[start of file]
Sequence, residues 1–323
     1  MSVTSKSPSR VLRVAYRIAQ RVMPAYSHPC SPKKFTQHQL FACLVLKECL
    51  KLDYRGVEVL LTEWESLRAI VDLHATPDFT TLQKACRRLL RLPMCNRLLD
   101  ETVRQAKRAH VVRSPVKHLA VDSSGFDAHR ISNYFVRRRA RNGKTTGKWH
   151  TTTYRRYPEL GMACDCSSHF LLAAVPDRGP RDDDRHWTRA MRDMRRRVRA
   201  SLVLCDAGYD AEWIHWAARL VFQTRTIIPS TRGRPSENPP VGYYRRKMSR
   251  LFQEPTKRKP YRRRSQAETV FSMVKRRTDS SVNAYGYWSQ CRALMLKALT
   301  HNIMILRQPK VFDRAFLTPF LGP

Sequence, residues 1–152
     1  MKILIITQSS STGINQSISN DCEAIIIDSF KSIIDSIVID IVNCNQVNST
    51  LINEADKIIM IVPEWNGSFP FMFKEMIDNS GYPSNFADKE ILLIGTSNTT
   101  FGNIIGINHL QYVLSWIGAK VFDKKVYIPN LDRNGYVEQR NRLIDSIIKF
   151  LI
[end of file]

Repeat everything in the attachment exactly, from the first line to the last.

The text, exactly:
Sequence, residues 1–323
     1  MSVTSKSPSR VLRVAYRIAQ RVMPAYSHPC SPKKFTQHQL FACLVLKECL
    51  KLDYRGVEVL LTEWESLRAI VDLHATPDFT TLQKACRRLL RLPMCNRLLD
   101  ETVRQAKRAH VVRSPVKHLA VDSSGFDAHR ISNYFVRRRA RNGKTTGKWH
   151  TTTYRRYPEL GMACDCSSHF LLAAVPDRGP RDDDRHWTRA MRDMRRRVRA
   201  SLVLCDAGYD AEWIHWAARL VFQTRTIIPS TRGRPSENPP VGYYRRKMSR
   251  LFQEPTKRKP YRRRSQAETV FSMVKRRTDS SVNAYGYWSQ CRALMLKALT
   301  HNIMILRQPK VFDRAFLTPF LGP

Sequence, residues 1–152
     1  MKILIITQSS STGINQSISN DCEAIIIDSF KSIIDSIVID IVNCNQVNST
    51  LINEADKIIM IVPEWNGSFP FMFKEMIDNS GYPSNFADKE ILLIGTSNTT
   101  FGNIIGINHL QYVLSWIGAK VFDKKVYIPN LDRNGYVEQR NRLIDSIIKF
   151  LI